“Anyone can pay with money, Miss Erickson. But as much fuss as everyone gets in about it, the truth is, it’s worthless. It’s impersonal, it’s cold, and it’s useless. I have no need of money.”
“What do you want, then?”
“Two things. First of all, you must promise me that if I repair Socks, you will love her forever.”
“I will. I do love her forever!”
“The other is a bit more materialistic, I’m afraid.” He reached underneath the counter and brought out a stuffed bear. It was dressed in a pink dress and patent leather shoes. “I’ve been working on her, but something’s missing.”
“She looks very pretty,” Jessica said.
“She does, doesn’t she? But something’s missing.”
Jessica looked the bear over, her inspection intense, and then a smile lit up her face. “She’s missing a bow!”
“That’s right!” Jeremiah Bennington said, smiling. “But now that we’ve discovered what’s missing, how can we fix it?”
“You can have mine!”
“Let’s not be hasty, Miss Erickson. Although your bow would be a fair payment, perhaps you shouldn’t rush into this business transaction.”
“But you can fix Socks?”
“That’s all I want.”
“It’s settled, then. I’ll need a few minutes to make the repairs, so if you would be so kind as to occupy yourself?”
“I’ll be over here at the soldiers, again.”
Jeremiah Bennington removed the black cloth and set about his work. It was delicate work, but he had been doing it for years, and although it took amazing steadiness and concentration, this was his life’s work. He bent over and began his work…
Jessica jerked her head towards the sound, a smile covering her face. This was Jeremiah Bennington’s favorite part. If they were old enough to find their way here, there were outside forces already convincing them that magic wasn’t real. It was this moment that warmed his heart, when they got to see that the magic was real, and that everything they had been taught and told wasn’t necessarily the truth.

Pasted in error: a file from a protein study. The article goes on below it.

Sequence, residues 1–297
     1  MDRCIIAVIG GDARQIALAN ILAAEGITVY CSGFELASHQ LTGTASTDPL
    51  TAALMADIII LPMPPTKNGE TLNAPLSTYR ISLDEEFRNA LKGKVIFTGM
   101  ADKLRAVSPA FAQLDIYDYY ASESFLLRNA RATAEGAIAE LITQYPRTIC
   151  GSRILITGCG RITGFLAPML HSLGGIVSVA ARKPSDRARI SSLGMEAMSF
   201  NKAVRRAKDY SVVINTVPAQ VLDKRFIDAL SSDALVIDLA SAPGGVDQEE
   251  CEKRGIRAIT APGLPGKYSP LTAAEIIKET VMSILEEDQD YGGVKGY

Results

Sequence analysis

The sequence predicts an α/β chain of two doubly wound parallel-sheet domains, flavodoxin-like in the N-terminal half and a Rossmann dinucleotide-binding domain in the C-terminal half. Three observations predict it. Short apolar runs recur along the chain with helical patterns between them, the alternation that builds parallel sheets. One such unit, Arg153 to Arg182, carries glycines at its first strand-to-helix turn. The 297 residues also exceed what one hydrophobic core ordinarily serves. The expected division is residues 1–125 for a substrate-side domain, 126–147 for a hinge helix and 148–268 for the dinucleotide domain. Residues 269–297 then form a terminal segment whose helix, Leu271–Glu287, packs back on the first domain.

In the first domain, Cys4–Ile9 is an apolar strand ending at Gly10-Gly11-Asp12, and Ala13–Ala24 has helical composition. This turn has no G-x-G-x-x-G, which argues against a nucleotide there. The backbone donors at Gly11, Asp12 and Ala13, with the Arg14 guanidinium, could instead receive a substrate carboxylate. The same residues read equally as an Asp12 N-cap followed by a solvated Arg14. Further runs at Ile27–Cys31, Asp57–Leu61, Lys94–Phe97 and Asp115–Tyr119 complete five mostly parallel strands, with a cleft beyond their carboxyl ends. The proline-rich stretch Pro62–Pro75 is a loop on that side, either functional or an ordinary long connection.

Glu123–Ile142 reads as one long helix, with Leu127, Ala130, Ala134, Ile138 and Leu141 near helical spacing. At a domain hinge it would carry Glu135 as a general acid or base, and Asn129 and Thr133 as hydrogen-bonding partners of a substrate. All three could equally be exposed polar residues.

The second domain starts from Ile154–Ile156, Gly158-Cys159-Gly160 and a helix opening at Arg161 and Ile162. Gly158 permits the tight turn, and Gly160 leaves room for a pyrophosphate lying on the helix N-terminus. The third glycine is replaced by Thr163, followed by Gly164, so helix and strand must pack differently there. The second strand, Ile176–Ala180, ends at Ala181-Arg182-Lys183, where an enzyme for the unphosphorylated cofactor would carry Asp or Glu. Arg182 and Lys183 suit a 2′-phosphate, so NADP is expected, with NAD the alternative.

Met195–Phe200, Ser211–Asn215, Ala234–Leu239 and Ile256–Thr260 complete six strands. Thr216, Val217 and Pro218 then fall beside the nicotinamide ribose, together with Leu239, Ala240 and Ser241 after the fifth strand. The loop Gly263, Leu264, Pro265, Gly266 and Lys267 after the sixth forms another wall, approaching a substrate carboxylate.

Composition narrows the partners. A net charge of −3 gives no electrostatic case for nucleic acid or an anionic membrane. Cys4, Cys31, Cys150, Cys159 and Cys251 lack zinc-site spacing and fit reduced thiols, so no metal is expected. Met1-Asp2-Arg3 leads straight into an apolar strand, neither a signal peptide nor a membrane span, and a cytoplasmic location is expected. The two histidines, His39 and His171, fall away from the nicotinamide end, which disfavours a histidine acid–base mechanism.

She ran to the counter, standing on her tip-toes to look over. “Socks?”
He picked up the animal and placed it on the counter. She was an adorable kitten, black, with the exception of a white splotch on her face and her four white paws. He had cleaned up most of the blood, but there was still a spot or two on one of the kitten’s “socks.” Socks looked down at the spots and there was a blatant look of disapproval when she glanced back up at Jeremiah Bennington.
“I apologize for the shabbiness,” he said, “But I was working under a time constraint.”
“Oh, Socks,” Jessica cried, scooping the kitten from the counter. “You’re better!”
Jeremiah Bennington watched as the little girl hugged her kitten, basking in her happiness and her renewed belief in the fantastic. When she finally remembered the balance due, the transaction was conducted over the happy purring of Socks.
Jeremiah Bennington took the crooked bow from Jessica’s head and placed it on the bear. “Perfect,” he said. He placed the bear on the counter and looked at it, his hand cupping his chin.
“It is,” Jessica replied. “Everything is,” She said, giving the kitten a squeeze.
“I’m glad you think so, young Miss Erickson. Now perhaps you should get home before your parents begin to worry.”
“Thank you so much,” she said, and she reached up and kissed him on the cheek.
“Why, you’re very welcome.”
“Socks says thanks, too,” Jessica said, holding the kitten up to Jeremiah Bennington’s face. The kitten leaned forward and touched his cheek with her nose, the perfect kitten kiss.
“You’re very welcome, Miss Socks. Now the two of you get along—I’m sure you have more to catch up on than I do.”
Jessica giggled and the two of them left.
Jeremiah Bennington cleaned the wax paper off of his work bench and went back to the repair he had been working on before Jessica and Socks had come to visit.